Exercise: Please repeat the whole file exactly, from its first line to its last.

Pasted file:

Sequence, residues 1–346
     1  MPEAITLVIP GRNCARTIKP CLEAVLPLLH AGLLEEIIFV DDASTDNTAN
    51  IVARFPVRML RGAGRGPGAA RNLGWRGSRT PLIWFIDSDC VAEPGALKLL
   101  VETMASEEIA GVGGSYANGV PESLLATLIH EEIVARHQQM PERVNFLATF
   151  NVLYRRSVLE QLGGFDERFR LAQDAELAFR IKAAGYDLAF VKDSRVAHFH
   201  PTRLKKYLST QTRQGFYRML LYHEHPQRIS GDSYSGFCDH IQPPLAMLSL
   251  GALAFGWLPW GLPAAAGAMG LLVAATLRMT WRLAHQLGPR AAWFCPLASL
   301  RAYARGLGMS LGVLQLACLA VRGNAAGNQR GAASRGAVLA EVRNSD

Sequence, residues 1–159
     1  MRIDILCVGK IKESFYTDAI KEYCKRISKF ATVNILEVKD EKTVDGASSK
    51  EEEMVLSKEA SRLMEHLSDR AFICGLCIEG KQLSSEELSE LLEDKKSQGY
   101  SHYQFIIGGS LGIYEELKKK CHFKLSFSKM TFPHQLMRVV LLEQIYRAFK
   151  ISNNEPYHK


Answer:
Sequence, residues 1–346
     1  MPEAITLVIP GRNCARTIKP CLEAVLPLLH AGLLEEIIFV DDASTDNTAN
    51  IVARFPVRML RGAGRGPGAA RNLGWRGSRT PLIWFIDSDC VAEPGALKLL
   101  VETMASEEIA GVGGSYANGV PESLLATLIH EEIVARHQQM PERVNFLATF
   151  NVLYRRSVLE QLGGFDERFR LAQDAELAFR IKAAGYDLAF VKDSRVAHFH
   201  PTRLKKYLST QTRQGFYRML LYHEHPQRIS GDSYSGFCDH IQPPLAMLSL
   251  GALAFGWLPW GLPAAAGAMG LLVAATLRMT WRLAHQLGPR AAWFCPLASL
   301  RAYARGLGMS LGVLQLACLA VRGNAAGNQR GAASRGAVLA EVRNSD

Sequence, residues 1–159
     1  MRIDILCVGK IKESFYTDAI KEYCKRISKF ATVNILEVKD EKTVDGASSK
    51  EEEMVLSKEA SRLMEHLSDR AFICGLCIEG KQLSSEELSE LLEDKKSQGY
   101  SHYQFIIGGS LGIYEELKKK CHFKLSFSKM TFPHQLMRVV LLEQIYRAFK
   151  ISNNEPYHK